Home > coaching, testing > A new teams encounter with DET/TET as a framework for testing – Part 4-Facilitation

A new teams encounter with DET/TET as a framework for testing – Part 4-Facilitation

First of all, I want to be clear that this series of posts have nothing to do with my work at Atlassian. These posts are experiences from previous assignments with Jayway, and I am just now gathering my thoughts on it.

Be sure to read the previous posts which has some background:
Part 1-Context
Part 2-Intro workshop
Part 3-The basics


The effort of having 12-14 people involved in testing 2 hours/week needs to be prepared and facilitated. This is something that I usually propose, and the need was acknowledged rather quickly in this team.

It ended up being a rotating task within the development team to take on the facilitator role of the week. However, it was usually natural for some person to be facilitator when it came to different focus areas. This also meant that some people got the facilitator role more often during the time I was there.

I personally coached the facilitator of the week through preparations and all the way through the test session, debrief and meta debrief. Here are some aspects of facilitation that we considered.

Plan focus area

Together with PO and dev manager discuss and decide on the focus area of the week. Also important to isolate parts of the focus area suited for test pairs. By planning of focus area we include scoping of test ideas as well as framing the testing that needs to be done.

Set and publish agenda

For the team to know what shall be tested next time, and have the possibility to opt-in/opt-out, the agenda was sent in the beginning of the week. This also usually triggered spontaneous responses with some test ideas, which was nice to see.


The opt-out/opt-in systems both had the tendency of being fragile to changes, meaning it was hard to know who was actually taken part of testing until very close to the session. This caused frustration when it came to planning the test pairs and which areas to test. To mitigate this, we decided always to have a thought-out 3-bullet strategy for last minute changes. Ex:

  • Combine test areas
  • Pairs can become triplets
  • Scope out focus areas

This strategy also became usable when certain aspects of focus areas turned out to be blocked for testing for some reason, like environmental or lack of test data.


There are some aspect for the facilitator to consider when in the creation of pairs:

  • Personal profile/role (dev/support/business)
  • Relevant test environments
  • Physical place

Test environments

Facilitator is responsible for relevant test environments to be in place. Usually this also included setting up new environments as part of preparations of test session. This was the biggest reason for having the weekly facilitator role, since it became really visible early on that the preparations were crucial for session success.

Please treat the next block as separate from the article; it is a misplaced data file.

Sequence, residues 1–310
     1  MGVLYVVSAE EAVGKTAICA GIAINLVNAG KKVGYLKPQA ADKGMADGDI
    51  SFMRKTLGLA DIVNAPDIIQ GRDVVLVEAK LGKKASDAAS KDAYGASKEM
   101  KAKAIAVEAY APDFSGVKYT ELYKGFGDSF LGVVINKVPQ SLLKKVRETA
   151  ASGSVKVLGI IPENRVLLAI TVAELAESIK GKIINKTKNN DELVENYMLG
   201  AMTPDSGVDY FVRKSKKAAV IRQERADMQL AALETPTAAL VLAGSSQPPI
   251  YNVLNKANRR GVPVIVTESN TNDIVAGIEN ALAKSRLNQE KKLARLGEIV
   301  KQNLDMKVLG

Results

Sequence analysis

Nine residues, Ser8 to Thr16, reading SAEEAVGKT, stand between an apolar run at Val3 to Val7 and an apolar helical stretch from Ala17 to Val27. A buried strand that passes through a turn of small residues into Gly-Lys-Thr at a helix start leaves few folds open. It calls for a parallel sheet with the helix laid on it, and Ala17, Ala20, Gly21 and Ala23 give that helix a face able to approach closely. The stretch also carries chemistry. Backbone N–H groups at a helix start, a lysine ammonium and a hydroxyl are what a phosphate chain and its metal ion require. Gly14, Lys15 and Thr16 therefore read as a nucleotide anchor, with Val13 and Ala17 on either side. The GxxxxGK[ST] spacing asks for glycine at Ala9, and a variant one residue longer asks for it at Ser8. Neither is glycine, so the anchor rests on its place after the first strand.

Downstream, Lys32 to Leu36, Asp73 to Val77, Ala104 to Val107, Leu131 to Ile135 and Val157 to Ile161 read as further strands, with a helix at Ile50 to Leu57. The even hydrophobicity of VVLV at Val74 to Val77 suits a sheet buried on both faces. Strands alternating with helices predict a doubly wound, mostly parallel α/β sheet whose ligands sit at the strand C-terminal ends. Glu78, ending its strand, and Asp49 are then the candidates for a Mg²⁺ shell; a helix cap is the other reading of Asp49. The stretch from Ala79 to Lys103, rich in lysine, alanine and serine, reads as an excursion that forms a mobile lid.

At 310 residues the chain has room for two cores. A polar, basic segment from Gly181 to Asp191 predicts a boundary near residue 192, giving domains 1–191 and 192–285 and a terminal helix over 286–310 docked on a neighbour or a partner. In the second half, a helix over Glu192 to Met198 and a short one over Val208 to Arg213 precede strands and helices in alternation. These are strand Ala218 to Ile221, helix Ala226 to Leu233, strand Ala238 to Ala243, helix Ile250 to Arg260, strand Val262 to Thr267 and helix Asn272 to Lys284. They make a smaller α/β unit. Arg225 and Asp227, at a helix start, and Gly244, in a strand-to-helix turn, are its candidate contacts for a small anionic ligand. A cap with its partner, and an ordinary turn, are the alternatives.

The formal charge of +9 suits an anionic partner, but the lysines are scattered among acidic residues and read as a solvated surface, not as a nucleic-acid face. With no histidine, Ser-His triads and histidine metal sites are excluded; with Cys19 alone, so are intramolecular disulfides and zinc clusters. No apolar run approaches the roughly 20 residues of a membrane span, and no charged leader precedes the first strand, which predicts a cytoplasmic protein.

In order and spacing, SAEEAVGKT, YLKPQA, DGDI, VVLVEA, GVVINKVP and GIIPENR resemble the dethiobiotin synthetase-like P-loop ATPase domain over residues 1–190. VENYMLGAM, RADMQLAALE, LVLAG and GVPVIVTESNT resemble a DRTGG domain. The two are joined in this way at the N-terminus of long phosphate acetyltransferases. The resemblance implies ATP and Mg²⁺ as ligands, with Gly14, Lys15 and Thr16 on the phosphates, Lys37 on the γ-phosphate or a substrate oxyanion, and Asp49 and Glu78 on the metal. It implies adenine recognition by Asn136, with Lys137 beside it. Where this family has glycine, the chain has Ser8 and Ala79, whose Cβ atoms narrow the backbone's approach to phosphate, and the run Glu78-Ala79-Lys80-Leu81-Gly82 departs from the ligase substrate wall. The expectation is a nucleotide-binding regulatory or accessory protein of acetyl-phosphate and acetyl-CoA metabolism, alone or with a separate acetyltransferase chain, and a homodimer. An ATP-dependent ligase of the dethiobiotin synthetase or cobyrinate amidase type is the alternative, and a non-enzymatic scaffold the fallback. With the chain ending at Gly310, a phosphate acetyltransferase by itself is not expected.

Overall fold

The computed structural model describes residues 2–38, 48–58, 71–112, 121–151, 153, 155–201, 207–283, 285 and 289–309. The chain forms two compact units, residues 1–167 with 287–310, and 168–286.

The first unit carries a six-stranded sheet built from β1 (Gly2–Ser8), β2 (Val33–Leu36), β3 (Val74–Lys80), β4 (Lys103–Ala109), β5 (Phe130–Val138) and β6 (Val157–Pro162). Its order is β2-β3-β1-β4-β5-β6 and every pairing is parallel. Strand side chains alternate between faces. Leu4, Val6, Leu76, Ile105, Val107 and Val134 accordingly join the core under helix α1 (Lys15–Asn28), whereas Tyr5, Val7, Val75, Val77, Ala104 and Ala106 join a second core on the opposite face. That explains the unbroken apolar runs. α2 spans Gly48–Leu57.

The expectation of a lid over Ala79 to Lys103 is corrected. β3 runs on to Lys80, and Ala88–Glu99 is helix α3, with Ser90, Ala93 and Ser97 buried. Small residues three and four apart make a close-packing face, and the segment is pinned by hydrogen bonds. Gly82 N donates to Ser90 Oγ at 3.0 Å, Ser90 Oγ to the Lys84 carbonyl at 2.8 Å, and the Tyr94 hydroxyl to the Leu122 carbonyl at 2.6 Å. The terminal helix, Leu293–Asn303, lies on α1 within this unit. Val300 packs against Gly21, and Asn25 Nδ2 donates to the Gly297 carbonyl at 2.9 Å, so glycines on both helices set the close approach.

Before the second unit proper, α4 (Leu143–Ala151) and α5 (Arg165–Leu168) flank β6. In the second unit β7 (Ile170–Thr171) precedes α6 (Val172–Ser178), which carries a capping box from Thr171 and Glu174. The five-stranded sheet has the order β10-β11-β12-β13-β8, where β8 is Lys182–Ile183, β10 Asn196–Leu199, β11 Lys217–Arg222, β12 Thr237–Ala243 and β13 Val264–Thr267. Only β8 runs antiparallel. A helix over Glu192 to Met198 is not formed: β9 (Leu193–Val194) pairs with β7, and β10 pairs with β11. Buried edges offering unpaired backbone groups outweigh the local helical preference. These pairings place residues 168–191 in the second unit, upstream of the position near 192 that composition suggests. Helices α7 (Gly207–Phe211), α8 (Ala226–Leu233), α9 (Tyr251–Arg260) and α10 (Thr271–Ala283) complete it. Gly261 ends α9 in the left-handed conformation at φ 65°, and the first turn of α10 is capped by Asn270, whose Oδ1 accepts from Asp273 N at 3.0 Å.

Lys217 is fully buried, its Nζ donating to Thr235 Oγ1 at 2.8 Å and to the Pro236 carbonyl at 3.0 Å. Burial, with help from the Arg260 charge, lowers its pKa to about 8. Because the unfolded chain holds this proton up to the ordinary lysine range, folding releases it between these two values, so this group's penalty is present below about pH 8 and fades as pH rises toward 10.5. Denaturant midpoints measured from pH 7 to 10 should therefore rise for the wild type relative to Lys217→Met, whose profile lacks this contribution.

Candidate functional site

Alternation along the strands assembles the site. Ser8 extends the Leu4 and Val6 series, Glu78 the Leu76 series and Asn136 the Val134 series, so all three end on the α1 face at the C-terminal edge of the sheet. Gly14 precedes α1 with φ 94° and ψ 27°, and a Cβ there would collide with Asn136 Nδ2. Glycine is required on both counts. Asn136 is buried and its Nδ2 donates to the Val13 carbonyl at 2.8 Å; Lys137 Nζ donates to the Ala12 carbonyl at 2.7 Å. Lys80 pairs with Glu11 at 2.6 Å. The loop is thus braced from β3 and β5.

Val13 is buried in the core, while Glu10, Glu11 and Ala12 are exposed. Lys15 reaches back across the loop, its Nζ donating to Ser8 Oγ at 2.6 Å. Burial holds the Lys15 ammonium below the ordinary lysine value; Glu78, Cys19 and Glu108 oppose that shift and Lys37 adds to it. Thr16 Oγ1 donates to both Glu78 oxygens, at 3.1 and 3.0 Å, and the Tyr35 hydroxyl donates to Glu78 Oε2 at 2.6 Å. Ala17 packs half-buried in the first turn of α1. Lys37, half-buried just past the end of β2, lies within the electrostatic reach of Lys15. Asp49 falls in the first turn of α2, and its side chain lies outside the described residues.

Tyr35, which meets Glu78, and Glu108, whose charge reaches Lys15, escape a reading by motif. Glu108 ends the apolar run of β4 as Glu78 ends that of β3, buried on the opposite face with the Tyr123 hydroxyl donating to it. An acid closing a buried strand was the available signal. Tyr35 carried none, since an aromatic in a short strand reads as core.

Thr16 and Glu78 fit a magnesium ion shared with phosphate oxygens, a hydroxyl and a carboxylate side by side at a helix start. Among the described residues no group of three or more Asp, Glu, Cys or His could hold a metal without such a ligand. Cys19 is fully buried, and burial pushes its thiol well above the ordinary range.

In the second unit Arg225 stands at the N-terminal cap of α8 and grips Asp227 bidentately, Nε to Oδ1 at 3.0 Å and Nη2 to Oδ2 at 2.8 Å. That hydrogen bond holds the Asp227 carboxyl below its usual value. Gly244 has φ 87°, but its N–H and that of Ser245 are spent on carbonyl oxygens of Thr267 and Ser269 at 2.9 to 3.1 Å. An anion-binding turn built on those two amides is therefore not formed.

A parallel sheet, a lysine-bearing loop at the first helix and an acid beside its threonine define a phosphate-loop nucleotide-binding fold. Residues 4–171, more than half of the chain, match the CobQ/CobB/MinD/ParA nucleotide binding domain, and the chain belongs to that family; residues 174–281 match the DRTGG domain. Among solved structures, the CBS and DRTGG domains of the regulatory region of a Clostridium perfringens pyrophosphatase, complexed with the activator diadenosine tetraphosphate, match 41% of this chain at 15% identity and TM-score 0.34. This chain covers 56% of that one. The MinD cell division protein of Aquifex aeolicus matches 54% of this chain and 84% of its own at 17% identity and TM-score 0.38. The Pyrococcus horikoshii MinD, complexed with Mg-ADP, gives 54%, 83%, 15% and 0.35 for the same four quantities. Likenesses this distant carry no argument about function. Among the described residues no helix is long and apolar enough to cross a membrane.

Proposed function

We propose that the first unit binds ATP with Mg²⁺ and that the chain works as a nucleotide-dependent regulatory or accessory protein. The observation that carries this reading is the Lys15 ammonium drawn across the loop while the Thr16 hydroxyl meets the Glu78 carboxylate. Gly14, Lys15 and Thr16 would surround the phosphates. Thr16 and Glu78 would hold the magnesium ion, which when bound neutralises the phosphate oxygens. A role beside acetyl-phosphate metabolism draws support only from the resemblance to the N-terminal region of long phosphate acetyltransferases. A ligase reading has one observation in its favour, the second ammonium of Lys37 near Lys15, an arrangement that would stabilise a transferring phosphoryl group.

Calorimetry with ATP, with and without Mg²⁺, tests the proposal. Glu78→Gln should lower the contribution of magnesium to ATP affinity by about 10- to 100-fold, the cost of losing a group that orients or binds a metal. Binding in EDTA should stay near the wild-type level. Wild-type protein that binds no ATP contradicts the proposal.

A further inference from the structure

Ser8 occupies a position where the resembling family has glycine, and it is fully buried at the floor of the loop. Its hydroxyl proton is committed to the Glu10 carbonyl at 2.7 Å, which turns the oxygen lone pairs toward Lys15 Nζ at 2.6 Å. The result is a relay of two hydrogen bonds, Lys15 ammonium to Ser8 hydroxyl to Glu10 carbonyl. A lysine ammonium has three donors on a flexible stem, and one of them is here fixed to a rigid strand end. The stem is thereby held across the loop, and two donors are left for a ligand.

Another aspect we had to deal with was the need for specific client test environments. When this was needed, we had everyone specify which types of environments they already had installed, and created good test pairs accordingly. These included operating systems, java versions and browsers among other things, that needed to be covered.

During testing

I have seen very clearly that the facilitator really should not be involved in a test pair himself, and that was also the case in this team. Being able to hover the session, the facilitator could help pairs with test environments and data, as well as point them in new directions if they end up stuck. That last part demands some skill and test idea generation before the session.

Also, during one session, the environment accidentally got too much tampered with in certain areas by a pair, and the facilitator then pointed the others to avoid that contamination.


The facilitator usually knows more about the areas under test, thus will have a central role in the debrief. It is important to have this in mind when facilitating the discussion about the code that you wrote yourself, your baby. You are stakeholder in those discussions, and will be biased.

The debrief that I promote is a two step activity. Directly after everyone has been testing, there is a need to get the time to express the most emergent things. So every pair gets a very brief time to answer the questions “how did it go?” and “what did you end up testing?”. Usually these questions are not needed to trigger something to be reported, and the most common case is that you have to cut them off for everyone else to get the brief moment. After the first round, its time to actually dig into the details of every pair, decide what are bugs, improvements or other relevant things. I usually encourage discussions, but they also need to be moderated if you want to get through everything that was found.

Sometimes we saw the need to set certain things aside for a triage by dev manager and PO. These included decisions that needed more information as well as pure business decisions.

  1. Ulrika
    August 1, 2013 at 14:27

    Thank you for the extensive report!
    So how did it go? What did people think about it? Did they enjoy testing?
    Did you do anything to boost the team’s testing skills or did they handle it well enough on their own?

  1. July 9, 2013 at 21:40

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